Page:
Low Spread FixedResets: April, 2015

As noted in MAPF Portfolio Composition: April 2015, the fund now has a large allocation to FixedResets, mostly of relatively low spread.

Many of these were largely purchased with proceeds of sales of DeemedRetractibles from the same issuer; it is interesting to look at the price trend of some of the Straight/FixedReset pairs. We’ll start with GWO.PR.N / GWO.PR.I; the fund sold the latter to buy the former at a takeout of about $1.00 in mid-June, 2014; relative prices over the past year are plotted as:

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Given that the April month-end take-out was $5.69, this is clearly a trade that has not worked out very well.

In July, 2014, I reported sales of SLF.PR.D to purchase SLF.PR.G at a take-out of about $0.15:

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There were similar trades in August, 2014 (from SLF.PR.C) at a take-out of $0.35. The April month-end take-out (bid price SLF.PR.D less bid price SLF.PR.G) was $6.25, so that hasn’t worked very well either.

November saw the third insurer-based sector swap, as the fund sold MFC.PR.C to buy the FixedReset MFC.PR.F at a post-dividend-adjusted take-out of about $0.85 … given a February month-end take-out of about $5.29, that’s another regrettable trade, although another piece executed in December at a take-out of $1.57 has less badly.

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This trend is not restricted to the insurance sector, which I expect will become subject to NVCC rules in the relatively near future and are thus subject to the same redemption assumptions I make for DeemedRetractibles. Other pairs of interest are BAM.PR.X / BAM.PR.N:

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… and FTS.PR.H / FTS.PR.J:

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… and PWF.PR.P / PWF.PR.S:

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I will agree that the fund’s trades highlighted in this post may be decried as cases of monumental bad timing, but I should point out that in May, 2014, the fund was 63.9% Straight / 9.5% FixedReset while in April 2015 the fund was 10% Straight / 85% FixedReset, FloatingReset and FixedFloater (The latter figures include allocations from those usually grouped as ‘Scraps’). Given that the indices are roughly 30% Straight / 60% FixedReset & FloatingReset, it is apparent that the fund was extremely overweighted in Straights / underweighted in FixedResets in May 2014 but this situation has now reversed. HIMIPref™ analytics have been heavily favouring low-spread issues and the fund’s holdings are overwhelmingly of this type.

Summarizing the charts above in tabular form, we see:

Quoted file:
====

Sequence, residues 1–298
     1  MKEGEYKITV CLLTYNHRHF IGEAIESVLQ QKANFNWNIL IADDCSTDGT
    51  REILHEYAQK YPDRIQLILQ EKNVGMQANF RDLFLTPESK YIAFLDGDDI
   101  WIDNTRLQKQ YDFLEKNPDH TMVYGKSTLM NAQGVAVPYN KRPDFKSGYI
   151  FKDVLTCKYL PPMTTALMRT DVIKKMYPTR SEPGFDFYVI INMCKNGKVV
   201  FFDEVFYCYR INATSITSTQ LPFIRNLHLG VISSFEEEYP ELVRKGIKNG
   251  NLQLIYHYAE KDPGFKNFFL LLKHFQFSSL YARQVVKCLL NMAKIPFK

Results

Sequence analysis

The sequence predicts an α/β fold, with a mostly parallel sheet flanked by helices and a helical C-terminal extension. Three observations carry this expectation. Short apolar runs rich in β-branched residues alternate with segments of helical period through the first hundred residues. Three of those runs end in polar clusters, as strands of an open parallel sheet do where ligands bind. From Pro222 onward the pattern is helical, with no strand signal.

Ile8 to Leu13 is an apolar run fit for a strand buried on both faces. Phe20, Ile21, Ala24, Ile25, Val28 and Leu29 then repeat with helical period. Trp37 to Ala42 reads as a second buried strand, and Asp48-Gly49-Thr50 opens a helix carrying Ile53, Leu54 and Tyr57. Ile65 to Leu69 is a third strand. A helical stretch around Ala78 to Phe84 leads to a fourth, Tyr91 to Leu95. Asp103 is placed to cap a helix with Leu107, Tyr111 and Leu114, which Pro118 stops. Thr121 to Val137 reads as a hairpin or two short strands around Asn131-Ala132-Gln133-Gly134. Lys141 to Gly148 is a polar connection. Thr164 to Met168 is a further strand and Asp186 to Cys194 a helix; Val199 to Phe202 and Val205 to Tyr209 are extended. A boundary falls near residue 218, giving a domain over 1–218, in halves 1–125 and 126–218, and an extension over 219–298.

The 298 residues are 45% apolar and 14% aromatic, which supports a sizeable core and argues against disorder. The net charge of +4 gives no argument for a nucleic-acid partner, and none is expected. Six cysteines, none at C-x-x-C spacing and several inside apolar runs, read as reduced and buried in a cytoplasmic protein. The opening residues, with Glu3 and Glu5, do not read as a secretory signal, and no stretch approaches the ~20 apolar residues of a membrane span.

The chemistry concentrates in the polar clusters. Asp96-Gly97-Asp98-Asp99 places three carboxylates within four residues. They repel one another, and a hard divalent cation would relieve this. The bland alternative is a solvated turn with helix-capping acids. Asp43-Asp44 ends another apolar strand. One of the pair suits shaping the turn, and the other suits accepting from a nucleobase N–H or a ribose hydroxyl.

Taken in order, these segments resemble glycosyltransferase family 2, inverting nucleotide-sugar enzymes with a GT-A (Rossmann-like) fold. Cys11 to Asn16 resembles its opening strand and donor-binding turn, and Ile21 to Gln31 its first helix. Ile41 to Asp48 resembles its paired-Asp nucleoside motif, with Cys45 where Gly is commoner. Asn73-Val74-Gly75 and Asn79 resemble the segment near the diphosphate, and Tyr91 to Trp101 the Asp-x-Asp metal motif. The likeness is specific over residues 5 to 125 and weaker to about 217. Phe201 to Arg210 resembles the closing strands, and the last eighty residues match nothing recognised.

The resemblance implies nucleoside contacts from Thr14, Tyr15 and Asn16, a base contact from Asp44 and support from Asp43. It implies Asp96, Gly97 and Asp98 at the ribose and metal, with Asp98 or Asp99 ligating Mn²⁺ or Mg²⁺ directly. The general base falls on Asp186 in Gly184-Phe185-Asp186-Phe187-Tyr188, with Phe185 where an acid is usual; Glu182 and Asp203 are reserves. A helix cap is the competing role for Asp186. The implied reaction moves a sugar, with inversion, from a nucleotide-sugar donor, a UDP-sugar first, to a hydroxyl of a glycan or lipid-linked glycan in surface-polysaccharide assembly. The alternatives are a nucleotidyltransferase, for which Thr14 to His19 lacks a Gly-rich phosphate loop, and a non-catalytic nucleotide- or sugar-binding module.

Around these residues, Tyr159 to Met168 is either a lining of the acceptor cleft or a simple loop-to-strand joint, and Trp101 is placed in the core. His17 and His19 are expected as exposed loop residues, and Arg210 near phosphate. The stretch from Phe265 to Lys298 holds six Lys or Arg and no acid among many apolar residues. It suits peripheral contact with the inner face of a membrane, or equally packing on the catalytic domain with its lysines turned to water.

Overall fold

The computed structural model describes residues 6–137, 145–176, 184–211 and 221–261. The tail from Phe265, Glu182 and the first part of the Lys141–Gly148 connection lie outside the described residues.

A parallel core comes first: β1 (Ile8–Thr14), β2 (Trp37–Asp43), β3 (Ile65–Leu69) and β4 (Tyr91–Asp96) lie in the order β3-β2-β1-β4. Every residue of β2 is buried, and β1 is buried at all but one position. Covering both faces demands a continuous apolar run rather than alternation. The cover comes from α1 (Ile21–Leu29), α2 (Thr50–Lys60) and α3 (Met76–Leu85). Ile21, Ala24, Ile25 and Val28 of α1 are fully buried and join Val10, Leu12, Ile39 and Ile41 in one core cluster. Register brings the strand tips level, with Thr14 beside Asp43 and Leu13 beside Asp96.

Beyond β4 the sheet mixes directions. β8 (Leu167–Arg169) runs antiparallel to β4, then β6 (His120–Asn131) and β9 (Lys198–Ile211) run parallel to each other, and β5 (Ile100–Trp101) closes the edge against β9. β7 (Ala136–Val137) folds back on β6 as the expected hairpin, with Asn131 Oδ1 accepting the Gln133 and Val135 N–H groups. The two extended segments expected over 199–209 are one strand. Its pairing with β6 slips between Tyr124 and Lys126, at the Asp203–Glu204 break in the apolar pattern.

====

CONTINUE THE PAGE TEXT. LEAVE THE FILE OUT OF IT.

FixedReset Straight Take-out
December 2013
MAPF Trade
December 2014
Take-out March 2015 Take-out
April 2015
($0.04) $1.00 $2.95 $5.74 $5.69
($1.29) $0.25 $2.16 $6.16 $6.25
($1.29) $0.86 $1.20 $5.46 $5.35
($2.06)   $0.17 $4.76 $4.18
$0.60   $5.68 $8.86 $8.07
($0.67)   $3.00 $6.43 $6.50
The ‘Take-Out’ is the bid price of the Straight less the bid price of the FixedReset; approximate execution prices are used for the “MAPF Trade” column. Bracketted figures in the ‘Take-Out’ columns indicate a ‘Pay-Up’

There was not much change from March month-end to April month-end, although the charts show some great excitement in mid-March, with spreads widening dramatically. The following chart shows the normalized total return of the HIMIPref™ FixedReset index through the month:

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So why is all this happening? One should take care in explaining market movements, but it is my belief that in the latter half of 2013 we were dealing with the ‘taper tantrum’ – the market’s fears that Fed tapering and subsequent tapering would lead to massive spikes in yields; this led to a great preference for FixedResets over Straights. Now, with the economic news getting less inflationary with every news story and Europe and Japan desperately trying to reflate their sluggish economies, the market seems to think that these rate increases are still a long way off … leading to a great preference for Straights over FixedResets.

In addition, the graphs show a sharp spike in early December, during which the low-spread FixedResets were very badly hurt; I believe this to be due to a combination of tax-loss selling and a panicky response to the 29% reduction in the TRP.PR.A dividend.

And in January it just got worse with Canada yields plummeting after the Bank of Canada rate cut with speculation rife about future cuts although this slowly died away.